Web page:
"The church teaches in everything that it does" was a frequently quoted phrase by one of my professors of Christian education. I was reminded of the importance of this advice when I met with the children’s council of a church that I know well and love deeply. As we discussed the plans for the coming year, I questioned why the Easter egg hunt was scheduled for Palm Sunday. There were several responses, including, "We have always done it on Palm Sunday"; "We get a better attendance that day"; and "It is easier to handle logistically."
The tradition for many years in that church has been a luncheon after church followed by an egg hunt on the church grounds. The egg hunt has always been well-attended, and it provides a wonderful multigenerational event. The youth help hide the eggs, and the luncheon draws people of all ages. I wondered, however, what scheduling an Easter event on one of the most significant days of Lent teaches people about the Christian story. In a little over an hour, we move from waving palms to hunting eggs. I couldn’t help but wonder: “Are we helping children and their families experience Holy Week, or are we confusing the message?”
When we think about teaching in the church, the first question that is frequently asked is, "What curriculum resources are we going to use?" While what we are going to teach formally is a very important question and deserves careful consideration, it is just as important to consider what we are teaching informally. Educational theorists use the terms null curriculum and hidden curriculum to describe this informal teaching.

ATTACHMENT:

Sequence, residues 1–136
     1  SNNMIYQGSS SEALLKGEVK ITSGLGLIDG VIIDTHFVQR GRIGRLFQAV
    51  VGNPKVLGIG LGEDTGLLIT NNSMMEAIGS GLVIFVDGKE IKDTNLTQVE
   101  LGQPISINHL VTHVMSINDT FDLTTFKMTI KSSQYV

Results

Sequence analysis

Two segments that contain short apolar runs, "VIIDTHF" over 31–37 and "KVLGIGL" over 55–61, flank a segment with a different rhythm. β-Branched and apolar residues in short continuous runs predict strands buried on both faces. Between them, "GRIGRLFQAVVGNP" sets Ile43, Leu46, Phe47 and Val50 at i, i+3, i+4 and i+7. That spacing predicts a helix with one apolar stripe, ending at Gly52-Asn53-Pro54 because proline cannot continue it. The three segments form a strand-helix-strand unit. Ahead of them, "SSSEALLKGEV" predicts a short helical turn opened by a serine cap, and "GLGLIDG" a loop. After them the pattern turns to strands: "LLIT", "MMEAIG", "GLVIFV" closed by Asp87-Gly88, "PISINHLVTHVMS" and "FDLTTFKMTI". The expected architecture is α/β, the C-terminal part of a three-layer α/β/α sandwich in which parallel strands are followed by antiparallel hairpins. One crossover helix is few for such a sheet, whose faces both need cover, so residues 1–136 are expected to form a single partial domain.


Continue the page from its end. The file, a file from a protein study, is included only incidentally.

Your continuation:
The null curriculum is what is taught by intentionally or unintentionally not teaching something. For example, by moving directly from the symbols of Palm Sunday to the symbols of Easter, we may be unintentionally minimizing the significance of Good Friday and the other days in Holy Week.
The hidden curriculum includes what we teach through our actions and attitudes. It is often experienced as the unwritten rules that define our congregation. In the egg hunt example, part of the hidden curriculum may be that success is equated with attendance numbers.
Often, the values taught through the null and hidden curriculum are more powerful than what is taught through the formal curriculum. As you examine your formational ministries, you may discover areas where the informal is actually contradicting what you intend to teach formally.
Here are a few questions to get you started in identifying the null and hidden curriculum that is operational in your congregation:
- What does the way we schedule events teach about what we value?
- What does the way we use space teach about what we believe is important?
- What are the unwritten congregational rules that "everyone" knows?
- What does our church budget indicate are priorities for the church?
- What are the important rituals and traditions in our congregation? What values do they teach?
For Further Consideration
- Start Here: Teaching and Learning with Adults
- Foundations: Shaping the Ministry of Christian Education in your Congregation
- Comprehensive Plan for Teacher Development for United Methodist Congregations [PDF]
(Adapted from a February 2012 iTeach article from Deb Smith.)